Now we come to the point of explaining the main purpose behind growing Tulasi. That purpose is to have Tulasi leaves and manjaris to offer to Krishna. Krishna is very happy when we offer to Him Tulasi, especially manjaris. It is said that Lord Jagannatha does not accept any of his offerings without Tulasi, and that by offering a manjari to Krishna one gets the same credit as offering thousands of every other type of flower. So, we must know the proper way of going about collecting Tulasi leaves and manjaris.
Collecting leaves is quite easy. All you have to do is hold onto the leaf you want to pick with your right thumb on the top of the leaf and index finger on the bottom of the leaf while keeping the branch steady with your left hand, and gently pull downwards perpendicular to the surface of the leaf (in other words, if the leaf is at an angle, pull downwards at that same angle). With very little force the leaf should cleanly come off at the joint between the stem and the branch. The best leafs to pick are the bigger, older leafs, rather than small new leafs. It is also best to pick leafs from a variety of branches, so that you don't end up with a branch that is completely bare.
When it comes to picking manjaris, it gets a little more difficult. You have to be able to judge at what maturity to pick them, at what maturity it is too late to pick them, and where to pick them. However, once you get the hang of it it is also relatively easy.
The first step is finding a manjari. These can be found at the ends of branches, and look like the picture below at the young stage. As they grow more mature, they will get longer, and the different sections of the manjari which hold the flower buds will become more and more separated, as shown in the second photo. Then, flowers will bloom from the buds, like in the third photo. At this point, the manjari should be picked.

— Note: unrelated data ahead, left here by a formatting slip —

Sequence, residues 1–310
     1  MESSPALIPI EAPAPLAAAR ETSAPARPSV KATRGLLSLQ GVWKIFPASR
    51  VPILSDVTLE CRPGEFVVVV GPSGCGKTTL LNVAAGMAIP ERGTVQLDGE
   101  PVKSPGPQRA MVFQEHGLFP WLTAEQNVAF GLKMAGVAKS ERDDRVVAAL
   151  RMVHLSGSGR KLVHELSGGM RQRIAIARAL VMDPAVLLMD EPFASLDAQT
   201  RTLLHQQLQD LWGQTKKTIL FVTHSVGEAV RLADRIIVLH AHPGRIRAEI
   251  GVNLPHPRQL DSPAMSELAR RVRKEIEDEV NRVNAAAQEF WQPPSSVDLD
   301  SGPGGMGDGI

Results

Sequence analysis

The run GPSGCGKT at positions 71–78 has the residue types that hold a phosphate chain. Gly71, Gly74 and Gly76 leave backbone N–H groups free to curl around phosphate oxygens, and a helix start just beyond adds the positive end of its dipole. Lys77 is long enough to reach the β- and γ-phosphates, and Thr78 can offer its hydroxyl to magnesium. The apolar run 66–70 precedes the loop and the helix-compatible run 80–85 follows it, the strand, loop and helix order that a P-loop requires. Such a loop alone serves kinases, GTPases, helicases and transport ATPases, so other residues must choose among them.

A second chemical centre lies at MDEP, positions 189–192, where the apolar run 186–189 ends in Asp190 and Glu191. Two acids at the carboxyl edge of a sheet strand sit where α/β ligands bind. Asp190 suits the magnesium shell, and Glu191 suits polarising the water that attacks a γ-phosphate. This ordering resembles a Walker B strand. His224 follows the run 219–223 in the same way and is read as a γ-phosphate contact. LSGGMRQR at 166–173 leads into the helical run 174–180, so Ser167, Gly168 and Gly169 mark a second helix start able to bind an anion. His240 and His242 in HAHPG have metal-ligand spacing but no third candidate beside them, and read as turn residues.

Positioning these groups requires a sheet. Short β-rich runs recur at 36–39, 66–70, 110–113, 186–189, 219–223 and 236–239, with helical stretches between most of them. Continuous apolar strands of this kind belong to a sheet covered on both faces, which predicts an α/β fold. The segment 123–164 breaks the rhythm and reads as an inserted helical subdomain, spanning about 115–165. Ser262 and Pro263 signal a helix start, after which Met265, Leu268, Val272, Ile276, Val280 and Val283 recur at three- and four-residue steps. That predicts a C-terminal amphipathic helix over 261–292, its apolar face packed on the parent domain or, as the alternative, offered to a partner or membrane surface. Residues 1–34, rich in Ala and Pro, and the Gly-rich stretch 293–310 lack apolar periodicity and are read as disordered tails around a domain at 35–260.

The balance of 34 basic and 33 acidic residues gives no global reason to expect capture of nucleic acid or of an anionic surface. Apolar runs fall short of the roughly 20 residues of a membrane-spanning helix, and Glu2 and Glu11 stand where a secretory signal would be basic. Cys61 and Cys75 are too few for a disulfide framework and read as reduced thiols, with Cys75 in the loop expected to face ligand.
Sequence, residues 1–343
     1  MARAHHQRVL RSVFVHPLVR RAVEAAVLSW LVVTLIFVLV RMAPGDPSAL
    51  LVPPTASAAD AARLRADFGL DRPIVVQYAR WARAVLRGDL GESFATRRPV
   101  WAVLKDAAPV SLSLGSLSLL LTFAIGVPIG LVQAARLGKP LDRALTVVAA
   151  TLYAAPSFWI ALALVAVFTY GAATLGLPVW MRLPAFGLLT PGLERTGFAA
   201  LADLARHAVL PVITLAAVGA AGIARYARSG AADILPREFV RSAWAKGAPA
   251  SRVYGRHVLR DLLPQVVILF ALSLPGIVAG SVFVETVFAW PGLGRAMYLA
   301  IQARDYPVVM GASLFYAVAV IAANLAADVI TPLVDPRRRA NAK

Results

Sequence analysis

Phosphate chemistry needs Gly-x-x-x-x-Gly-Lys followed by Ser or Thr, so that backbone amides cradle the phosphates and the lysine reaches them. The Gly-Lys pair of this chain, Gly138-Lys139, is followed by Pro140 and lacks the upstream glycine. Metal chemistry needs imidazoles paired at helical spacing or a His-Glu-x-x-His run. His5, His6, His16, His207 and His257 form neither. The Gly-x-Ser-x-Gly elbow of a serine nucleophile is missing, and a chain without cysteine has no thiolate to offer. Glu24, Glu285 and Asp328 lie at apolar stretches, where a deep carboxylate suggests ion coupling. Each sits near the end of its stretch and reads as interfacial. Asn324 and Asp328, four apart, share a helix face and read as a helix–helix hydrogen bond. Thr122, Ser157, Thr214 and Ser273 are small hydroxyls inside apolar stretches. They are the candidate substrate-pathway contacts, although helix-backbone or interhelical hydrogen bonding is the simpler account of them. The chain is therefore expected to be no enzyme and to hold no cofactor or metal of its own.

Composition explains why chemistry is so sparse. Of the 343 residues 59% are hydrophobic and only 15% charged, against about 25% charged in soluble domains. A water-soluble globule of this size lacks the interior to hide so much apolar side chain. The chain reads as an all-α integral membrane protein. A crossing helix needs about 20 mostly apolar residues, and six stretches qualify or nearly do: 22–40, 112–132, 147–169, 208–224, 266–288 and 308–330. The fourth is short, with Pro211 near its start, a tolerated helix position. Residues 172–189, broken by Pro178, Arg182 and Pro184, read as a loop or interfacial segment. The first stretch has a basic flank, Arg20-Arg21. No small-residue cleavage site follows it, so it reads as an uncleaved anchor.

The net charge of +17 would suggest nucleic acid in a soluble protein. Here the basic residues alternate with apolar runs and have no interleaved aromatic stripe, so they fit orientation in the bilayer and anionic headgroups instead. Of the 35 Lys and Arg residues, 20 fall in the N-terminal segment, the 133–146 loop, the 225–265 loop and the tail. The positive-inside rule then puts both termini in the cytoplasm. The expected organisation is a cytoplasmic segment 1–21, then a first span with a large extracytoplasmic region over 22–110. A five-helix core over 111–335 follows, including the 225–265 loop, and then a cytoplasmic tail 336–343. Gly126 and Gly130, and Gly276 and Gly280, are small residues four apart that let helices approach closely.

So the next step is knowing where to pick them. If you look at the first photo, you can clearly see two green things at the base of either side of the manjari where the leafs meet the stem. At the next set of alternate leaves are two more green things, etc. These green things are either manjaris or new branches growing. If they are manjaris, then it should be clipped below that set of leaves. However, if at the next set of leaves are two more manjaris growing, then the clipping should be done below those leaves, etc. The first set of leaves on the manjari will always have two manjaris growing. Sometimes, and on some plants it is more common than others, the next set of leaves will have two more manjaris, and even the third set of leaves may have manjaris. So one has to be mindful of where to clip. The manjaris will look compact and cone-shaped, just like the top of the main manjari. If branches are growing, it will look like two leaves growing on each side of the stem.
Sometimes the first set will look like branches rather than manjaris, like in the second and third photos. This is, however, just a "trick"- it will without a doubt be manjaris.
Here below you can see an example of the "trick" I mentioned. Just below the manjari are two sets of leaves, which is exactly how it looks when branches are going to grow there, and thus normally you would not want to cut below that. However, since it is the first set of leaves below the manjari, we know that where those two sets of leaves are will actually be manjaris.